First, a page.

A tiny new moon has been discovered orbiting Pluto, scientists announced today (July 11).
Researchers using NASA's Hubble Space Telescope found the moon, bringing the number of known Pluto satellites to five. The discovery comes almost exactly one year after Hubble spotted Pluto's fourth moon, a tiny body currently called P4.
"Just announced: Pluto has some company -- We've discovered a 5th moon using the Hubble Space Telescope!" Alan Stern, of the Southwest Research Institute in Boulder, Colo., announced via the Twitter social networking website today.
Pluto's other moons are Charon, Nix, Hydra and P4. Charon is by far the largest, measuring 648 miles (1,043 kilometers) across. Nix and Hydra range between 20 and 70 miles (32 to 113 km) wide, while P4 is thought to be 8 to 21 miles (13 to 34 km) across.
The new moon looks a lot more like P4 than like Charon.
"It's smaller than P4," Stern told SPACE.com.
"We're finding more and more, so our concern about hazards is going up," he added, referring to the collision risk New Horizons will face when it cruises by Pluto in a few years. [The Moons of Pluto Revealed (Photos)]
The new Pluto moon has been provisionally named S/2012 (134340) 1, though it's also going by the moniker P5. It was discovered using the Wide Field Camera 3 on the Hubble Space Telescope during a series of observations in late June and early July.
P5 appears to be irregularly shaped, with a diameter between 6 and 15 miles (10 to 24 km). It zips around Pluto at an average distance of 29,000 miles (47,000 km), in an orbit thought to be coplanar with the dwarf planet's other satellites, researchers said.
"The moons form a series of neatly nested orbits, a bit like Russian dolls," said team lead Mark Showalter, of the SETI Institute in Mountain View, Calif., in a statement announcing the new moon.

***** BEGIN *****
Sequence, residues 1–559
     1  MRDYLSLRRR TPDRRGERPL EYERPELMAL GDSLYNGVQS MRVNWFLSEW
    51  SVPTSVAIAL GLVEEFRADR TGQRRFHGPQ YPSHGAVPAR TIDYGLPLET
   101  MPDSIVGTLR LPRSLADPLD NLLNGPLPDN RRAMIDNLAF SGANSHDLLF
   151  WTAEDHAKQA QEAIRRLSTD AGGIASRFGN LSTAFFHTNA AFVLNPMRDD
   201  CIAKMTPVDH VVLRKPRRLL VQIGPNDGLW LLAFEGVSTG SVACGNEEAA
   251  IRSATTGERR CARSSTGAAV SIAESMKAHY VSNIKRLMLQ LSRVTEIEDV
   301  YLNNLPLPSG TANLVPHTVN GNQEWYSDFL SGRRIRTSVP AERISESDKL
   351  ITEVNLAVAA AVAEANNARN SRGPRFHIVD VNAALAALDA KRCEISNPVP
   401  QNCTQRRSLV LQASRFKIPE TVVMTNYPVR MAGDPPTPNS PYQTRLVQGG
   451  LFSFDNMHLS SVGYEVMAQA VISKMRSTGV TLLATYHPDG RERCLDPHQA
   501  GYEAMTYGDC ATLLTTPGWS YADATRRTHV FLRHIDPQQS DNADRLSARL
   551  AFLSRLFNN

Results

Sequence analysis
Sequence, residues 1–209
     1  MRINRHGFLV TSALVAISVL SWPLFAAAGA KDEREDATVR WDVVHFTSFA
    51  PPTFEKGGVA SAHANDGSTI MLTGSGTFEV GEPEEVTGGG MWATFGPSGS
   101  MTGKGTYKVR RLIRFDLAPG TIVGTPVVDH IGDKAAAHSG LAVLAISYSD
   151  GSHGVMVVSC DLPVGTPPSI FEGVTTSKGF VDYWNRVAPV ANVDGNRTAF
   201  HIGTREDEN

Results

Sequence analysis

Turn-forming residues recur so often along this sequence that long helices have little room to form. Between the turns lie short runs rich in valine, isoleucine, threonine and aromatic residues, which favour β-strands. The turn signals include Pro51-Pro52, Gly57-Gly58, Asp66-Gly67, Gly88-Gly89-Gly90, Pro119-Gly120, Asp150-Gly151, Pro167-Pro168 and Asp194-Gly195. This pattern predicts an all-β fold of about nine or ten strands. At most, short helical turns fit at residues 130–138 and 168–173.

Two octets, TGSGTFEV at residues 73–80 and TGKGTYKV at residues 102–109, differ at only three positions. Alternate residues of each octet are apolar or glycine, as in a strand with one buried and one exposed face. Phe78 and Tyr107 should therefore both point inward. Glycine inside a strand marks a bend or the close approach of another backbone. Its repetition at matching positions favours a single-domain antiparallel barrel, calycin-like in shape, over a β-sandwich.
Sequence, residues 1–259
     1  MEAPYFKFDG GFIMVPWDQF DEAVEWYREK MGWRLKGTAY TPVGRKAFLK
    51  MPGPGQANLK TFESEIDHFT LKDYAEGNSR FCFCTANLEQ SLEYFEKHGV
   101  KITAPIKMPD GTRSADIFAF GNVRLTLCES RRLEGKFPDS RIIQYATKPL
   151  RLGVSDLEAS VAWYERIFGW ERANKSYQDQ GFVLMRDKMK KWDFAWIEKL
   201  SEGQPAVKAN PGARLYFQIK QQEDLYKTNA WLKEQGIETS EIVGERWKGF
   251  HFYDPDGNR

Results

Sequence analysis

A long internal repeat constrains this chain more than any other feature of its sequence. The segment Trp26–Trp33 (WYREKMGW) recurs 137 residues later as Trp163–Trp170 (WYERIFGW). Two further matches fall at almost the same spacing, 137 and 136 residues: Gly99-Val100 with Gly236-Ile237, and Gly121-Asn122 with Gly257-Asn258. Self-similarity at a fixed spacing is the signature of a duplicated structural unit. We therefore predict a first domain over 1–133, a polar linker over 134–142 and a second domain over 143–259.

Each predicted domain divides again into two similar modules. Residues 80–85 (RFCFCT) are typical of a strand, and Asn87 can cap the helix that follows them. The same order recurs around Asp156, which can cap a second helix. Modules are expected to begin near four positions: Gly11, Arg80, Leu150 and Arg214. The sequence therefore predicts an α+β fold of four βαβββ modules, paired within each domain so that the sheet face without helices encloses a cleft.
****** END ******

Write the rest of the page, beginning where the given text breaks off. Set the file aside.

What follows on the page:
Charon was first spotted in 1978, 48 years after the discovery of Pluto. Nix and Hydra were found by Hubble in 2005.
Pluto orbits 3.65 billion miles (5.87 billion km) from the sun on average, about 39 times farther away than Earth does. For more than 75 years after its discovery, the object was regarded as a full-fledged planet, but things changed in 2006.
That year, the International Astronomical Union reclassified Pluto a dwarf planet, since it shares orbital space with lots of other objects out in the Kuiper Belt, the ring of icy bodies beyond Neptune.
With another moon to account for around Pluto, NASA's New Horizons mission team is now taking a fresh look at the spacecraft's planned flyby in 2015 to make sure it will zip by the dwarf planet safely while observing the complex planetary system.
"The discovery of so many small moons indirectly tells us that there must be lots of small particles lurking unseen in the Pluto system," said New Horizons team member Harold Weaver, of the Johns Hopkins University Applied Physics Laboratory in Laurel, Md.
"The inventory of the Pluto system we're taking now with Hubble will help the New Horizons team design a safer trajectory for the spacecraft," Stern added in a statement.
This story was updated at 11:51 a.m. ET with new details and comments.